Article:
Descriptions of Breivik as a Christian fundamentalist, however, are not technically accurate. He describes himself as a ‘moderate’ Christian; and Posner traces how Breivik’s “Cultural Analysis” is drawn from a relatively common “Christian Worldview” found in the US Christian Right[16] Within the political/social movement called by observers the Christian Right are a range of theologies and religious beliefs, including not only fundamentalism but also the broader category of evangelicalism; as well as participants in mainstream Protestant denominations and various forms of Catholicism and a few Jews. Muslims do not appear to be welcome in the Christian Right, with the exception of those who have converted to Christianity.[17]

Breivik further described himself in online posts as a cultural conservative and a Christian conservative who felt that Protestantism had lost its way and that Christianity should recombine under the banner of a reconstituted and traditionalist Catholic Church. These views are almost identical to those of the late Paul Weyrich and William S. Lind who developed their theory of Cultural Conservatism as the way to save Western Culture at the Free Congress Foundation (FCF)—the Christian Right political epicenter in the United States.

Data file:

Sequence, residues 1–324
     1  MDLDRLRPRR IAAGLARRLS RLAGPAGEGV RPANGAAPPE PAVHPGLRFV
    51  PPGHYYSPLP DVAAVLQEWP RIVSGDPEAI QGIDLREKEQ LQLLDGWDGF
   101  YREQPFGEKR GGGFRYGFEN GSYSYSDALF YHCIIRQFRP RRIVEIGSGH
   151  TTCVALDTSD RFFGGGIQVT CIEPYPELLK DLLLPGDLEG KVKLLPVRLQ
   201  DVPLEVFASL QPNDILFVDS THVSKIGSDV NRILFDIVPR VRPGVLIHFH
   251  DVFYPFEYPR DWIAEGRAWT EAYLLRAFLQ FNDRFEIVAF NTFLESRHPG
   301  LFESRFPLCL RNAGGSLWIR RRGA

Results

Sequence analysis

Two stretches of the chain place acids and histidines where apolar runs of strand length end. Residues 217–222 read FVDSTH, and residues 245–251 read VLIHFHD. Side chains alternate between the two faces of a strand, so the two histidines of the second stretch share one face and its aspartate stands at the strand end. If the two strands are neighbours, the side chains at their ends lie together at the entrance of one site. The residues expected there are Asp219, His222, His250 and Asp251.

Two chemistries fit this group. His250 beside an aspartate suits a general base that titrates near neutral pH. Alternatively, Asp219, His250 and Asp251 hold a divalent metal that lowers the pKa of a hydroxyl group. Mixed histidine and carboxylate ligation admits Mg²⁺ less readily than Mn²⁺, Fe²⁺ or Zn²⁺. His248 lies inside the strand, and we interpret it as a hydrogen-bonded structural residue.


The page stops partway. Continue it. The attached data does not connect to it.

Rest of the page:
In 1987, at the direction of its founder and leader Weyrich, the Free Congress Foundation published Cultural Conservatism: Toward a New National Agenda, and followed in 1991 with a companion book co-authored by Lind on Theory and Practice.[18] According to Lind, who credits Weyrich developing the theory: